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Developing Resilience in Travel Training

In 2021, here at Utah Transit Authority (UTA) Travel Training, we move forward optimistically while navigating challenges that affect our industry. The way we travel train continues to evolve in order to meet today’s unique changes, but the heart of our work remains intact. Theneed for our clients to find autonomy in the community, improve their quality of life, and gain access and freedom by using public transportation, even during a pandemic. The pending challenge of “how” to accomplish this is the impetus in finding innovative ways to deliver these services to our consumers.

The lessons of 2020 set the ideal stage for developing skills of resiliency, revision, and creativity while thinking on our feet. From these lessons, I have identified the “ABC’s of Resilience in Travel Training” as a personal guide during changing times.

1- Align Goals- Take the time to align goals to the program you envision! Flexibility in pinpointing the right goals is helping us continue to show the value in our program while setting ourselves up for long-term success. In UTA, our first priority is getting our training services to the people needing them, but when referrals are slow coming, actively building bridges with partners in the community has helped us generate referrals while establishing needed rapport. We have found ways to bring our unique voice and experience to Homeless Shelter initiatives, UTA’s education committee, and ADA community boards, to name a few.

2- Build Skills- Travel instruction is more than just riding the bus with someone. It requires organizational skills, the ability to comprehend and employ processes, interact professionally, translate information in meaningful ways, utilize appropriate tools to improve communication, etc. Being intentional about skills development will increase malleability in answering the original question of “how”. As a member of the Association of Travel Instruction, I have gleaned abundantly from the conferences and professional development opportunities made available to us. I listened intently this summer to members in the association who are using technology in a variety of ways to expand their influence. It confirmed our own approach and fuels current ideas for video and website creation.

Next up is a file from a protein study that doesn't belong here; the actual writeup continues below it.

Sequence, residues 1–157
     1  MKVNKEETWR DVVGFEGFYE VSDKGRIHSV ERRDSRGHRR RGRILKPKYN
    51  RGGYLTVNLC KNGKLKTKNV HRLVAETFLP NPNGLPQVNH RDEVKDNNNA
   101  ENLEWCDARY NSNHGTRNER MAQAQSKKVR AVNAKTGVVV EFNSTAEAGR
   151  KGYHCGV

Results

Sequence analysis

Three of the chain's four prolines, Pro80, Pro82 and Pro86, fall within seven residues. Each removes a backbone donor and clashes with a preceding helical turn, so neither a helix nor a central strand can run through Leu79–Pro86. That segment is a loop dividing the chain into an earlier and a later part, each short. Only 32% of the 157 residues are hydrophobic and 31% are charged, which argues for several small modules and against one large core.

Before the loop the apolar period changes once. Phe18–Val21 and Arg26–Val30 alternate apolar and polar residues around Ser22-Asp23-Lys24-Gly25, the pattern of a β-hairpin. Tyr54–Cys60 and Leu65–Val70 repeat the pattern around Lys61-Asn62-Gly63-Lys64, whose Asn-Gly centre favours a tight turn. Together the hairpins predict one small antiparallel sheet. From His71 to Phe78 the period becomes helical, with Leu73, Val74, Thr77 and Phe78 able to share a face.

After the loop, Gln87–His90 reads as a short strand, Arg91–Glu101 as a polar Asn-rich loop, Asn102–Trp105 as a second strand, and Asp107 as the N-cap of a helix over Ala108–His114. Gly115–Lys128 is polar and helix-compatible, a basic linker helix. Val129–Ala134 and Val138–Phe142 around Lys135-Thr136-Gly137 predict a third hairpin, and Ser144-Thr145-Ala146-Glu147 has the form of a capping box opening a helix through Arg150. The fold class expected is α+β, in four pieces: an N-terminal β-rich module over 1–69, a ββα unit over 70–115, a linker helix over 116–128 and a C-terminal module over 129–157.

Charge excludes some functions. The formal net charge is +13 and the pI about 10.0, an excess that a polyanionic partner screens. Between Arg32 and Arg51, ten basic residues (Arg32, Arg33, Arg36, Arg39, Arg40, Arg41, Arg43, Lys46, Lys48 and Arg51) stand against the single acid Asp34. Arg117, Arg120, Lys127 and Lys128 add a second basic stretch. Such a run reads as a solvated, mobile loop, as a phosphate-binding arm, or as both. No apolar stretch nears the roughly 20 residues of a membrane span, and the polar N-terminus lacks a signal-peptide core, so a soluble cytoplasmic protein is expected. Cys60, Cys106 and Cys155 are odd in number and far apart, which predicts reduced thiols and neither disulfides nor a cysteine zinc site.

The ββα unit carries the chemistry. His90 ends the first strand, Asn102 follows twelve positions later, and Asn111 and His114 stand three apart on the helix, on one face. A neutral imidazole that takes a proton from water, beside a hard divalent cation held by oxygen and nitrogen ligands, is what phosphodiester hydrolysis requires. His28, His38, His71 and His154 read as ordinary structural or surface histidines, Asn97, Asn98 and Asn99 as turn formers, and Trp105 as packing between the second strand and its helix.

3- Create Opportunity- The Greek philosopher Heraclitus was right when he coined the term “The only constant in life is change.” We teach our client’s that fear is present in the unknown, but confidence is gained through learning step-by-step. This is no different when creating opportunities for ourselves. Creating a SWOT analysis could help us find where possible opportunities lie. Inviting key stakeholders for a brainstorming session can offer ideas that can be tested in small ways and that have minimal cost. At UTA, we have seen over the years how our program has gained value within our organization as well as in the community by testing out our ideas in small ways. Even when an outcome has not provided the result we were expecting, it has contributed to a new perspective and clearer understanding.

What learned lessons will you apply in 2021 to improve what you are doing? Take the time to compile your own personal list of ABC’s for Resilience in 2021.


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